Not only does Denver's 46 points per game put the Broncos on pace for an eye-popping 736 points this season, but that would also represent over a touchdown-per-game increase over the NFL record for points per game (38.8, by the 1950 Los Angeles Rams).
With that said, over 45 points per game, every game, is a breakneck pace, even for the Broncos.
The Broncos have four games left against teams who rank in the top five in the NFL in points allowed. That includes two games with the Kansas City Chiefs, who are allowing an NFL-low 11.6 points per contest.
Denver's remaining opponents allow an average of 21.2 points per game, a pace that would leave the Broncos well short of history.
Split the difference (33.6 points in each of their remaining games), and we're left with a season total of 570, knocking on New England's door.
This record could come down to the following questions.
How long will the Broncos keep their foot to the floor?
Will inclement weather force a shift in offensive philosophy?
If Denver clinches home field early, will the starters sit?
The record for receiving yards in a season by a tight end is 1,327, set by Rob Gronkowski of the New England Patriots two years ago.
Jimmy Graham of the New Orleans Saints appears set to lay waste to Gronkowski's record.
Graham is averaging over 118 receiving yards per game this year. Not only is he the NFL's top tight end through five games, but he's also the NFL's leading receiver at any position.
At this rate, Graham would tally 1,897 yards, good for the second-best single season by any receiver in NFL history.
There really isn't any reason to expect a slow-down either. Graham has had at least 100 yards in his last four games. Graham is the top option in one of the most prolific passing attacks in the NFL, and so far defenses have essentially been powerless to stop him.
Unless Jimmy Graham gets hurt, this record is toast.
So far, every record we've discussed is something for a team or player to be proud of. However, there are some records that NFL teams would really rather not have.
In 1976, the expansion Tampa Bay Buccaneers were outscored by an eye-popping 287 points. When former head coach John McKay was asked about their execution, he said, "I'm in favor of it."
Believe it or not, there are not one but two teams challenging the Buccaneers' "achievement" in 2013.
The New York Giants, who were picked by many to win the NFC East this year, are on a pace that would see them outscored by 320 points. However, as bad as the Giants are, it's unlikely that pace will keep up.
Yes, the Giants are terrible. The rest of the NFC East isn't a whole lot better, though, and as awful as the Giants are on defense, they still have plenty of offensive talent and a two-time Super Bowl winning quarterback.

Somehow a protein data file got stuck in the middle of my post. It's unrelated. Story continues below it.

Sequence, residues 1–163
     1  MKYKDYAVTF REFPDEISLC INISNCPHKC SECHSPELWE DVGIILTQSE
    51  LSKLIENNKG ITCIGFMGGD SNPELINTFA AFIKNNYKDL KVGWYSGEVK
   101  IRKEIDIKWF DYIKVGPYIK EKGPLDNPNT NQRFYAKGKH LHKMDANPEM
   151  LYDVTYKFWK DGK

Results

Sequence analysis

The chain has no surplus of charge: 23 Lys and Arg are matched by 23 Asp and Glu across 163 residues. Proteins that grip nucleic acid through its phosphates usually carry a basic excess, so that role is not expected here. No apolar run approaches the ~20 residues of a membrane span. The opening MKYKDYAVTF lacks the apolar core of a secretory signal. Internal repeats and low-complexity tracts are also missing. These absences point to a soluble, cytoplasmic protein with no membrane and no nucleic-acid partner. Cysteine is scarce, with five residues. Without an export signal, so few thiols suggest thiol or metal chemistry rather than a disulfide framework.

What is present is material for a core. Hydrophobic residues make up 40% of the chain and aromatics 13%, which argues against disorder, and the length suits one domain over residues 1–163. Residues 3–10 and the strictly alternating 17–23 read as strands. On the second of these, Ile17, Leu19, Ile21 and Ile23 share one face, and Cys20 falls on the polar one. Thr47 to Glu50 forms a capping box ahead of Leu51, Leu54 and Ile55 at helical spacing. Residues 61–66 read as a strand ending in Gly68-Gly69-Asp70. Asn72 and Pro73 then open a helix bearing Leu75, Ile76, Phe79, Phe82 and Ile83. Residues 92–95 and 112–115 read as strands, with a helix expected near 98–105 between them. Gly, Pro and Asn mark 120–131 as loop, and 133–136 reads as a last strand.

Two of New York's losses are by a combined score of 69-7. It skews the differential. The Giants may be hard-pressed to win five games, but they'll be in their fair share of them.
That brings us to the Jacksonville Jaguars.
The Jaguars are bad on a level that defies description. They rank dead last in points per game (10.2), and 31st in points allowed (32.6). The Jaguars can't run the ball, throw the ball or stop opponents from doing either.
The Jaguars are on a pace that would see them outscored by a staggering 358 points in 2013. That differential is only going to get worse after this week's game at Denver. Two weeks after that, they "host" the 49ers in London.
They may just want to stay overseas, because the 2013 Jaguars are well on their way to claiming the title of the worst team in NFL history.
One last thing. The 1976 Buccaneers, by the way, didn't win a game.
It's just about an annual rite of passage for someone to make a run at Michael Strahan's single-season sack record of 22.5.
Good. Someone needs to break it, especially given how Strahan "earned" it to begin with back in 2001.
This year, three players are on a pace that would put them past Strahan, from grizzled veterans to up-and-coming youngsters.
(Sack pace in parentheses)
- Robert Mathis, Indianapolis Colts: 9.5 sacks (30)
- Justin Houston, Kansas City Chiefs: 8.5 sacks (27)
- Mario Williams, Buffalo Bills: 7.5 sacks (24)
Mathis has long been one of the NFL's more under-appreciated pass-rushers. The 32-year-old is off to a phenomenal start, with at least one sack in every game this year.
However, Mathis has missed time in two of the past four seasons, and the veteran would have to double his career high to break Strahan's record.
Williams is showing why the Buffalo Bills made him the NFL's highest-paid defensive player last year, and the 28-year-old is a dominant edge-rusher in the prime of his career.
However, Williams has gone sackless in two games already this year. If the Bills struggle with quarterback EJ Manuel on the shelf, teams may not have to throw the ball as much against them. That's going to cost "Super Mario" chances to get after the quarterback.
Houston is the pup of the bunch, a third-year pro who is rapidly developing a reputation as one of the NFL's most feared young pass-rushers.
That reputation brings with it increased attention from opposing offenses. It's starting to show, as Houston has only one sack over his past two games.
All three are immensely talented, and any of the bunch could break the record, but there's a reason why the likes of Jared Allen of the Minnesota Vikings and J.J. Watt of the Houston Texans have come up short in recent years.
It's hard to keep the momentum from a hot start going as the double-teams pile up.
Should they come up short of Strahan, Mathis and Houston still have a shot at history.
Twenty-one sacks would be enough to break the record for sacks by a linebacker, set by Lawrence Taylor of the New York Giants in 1987.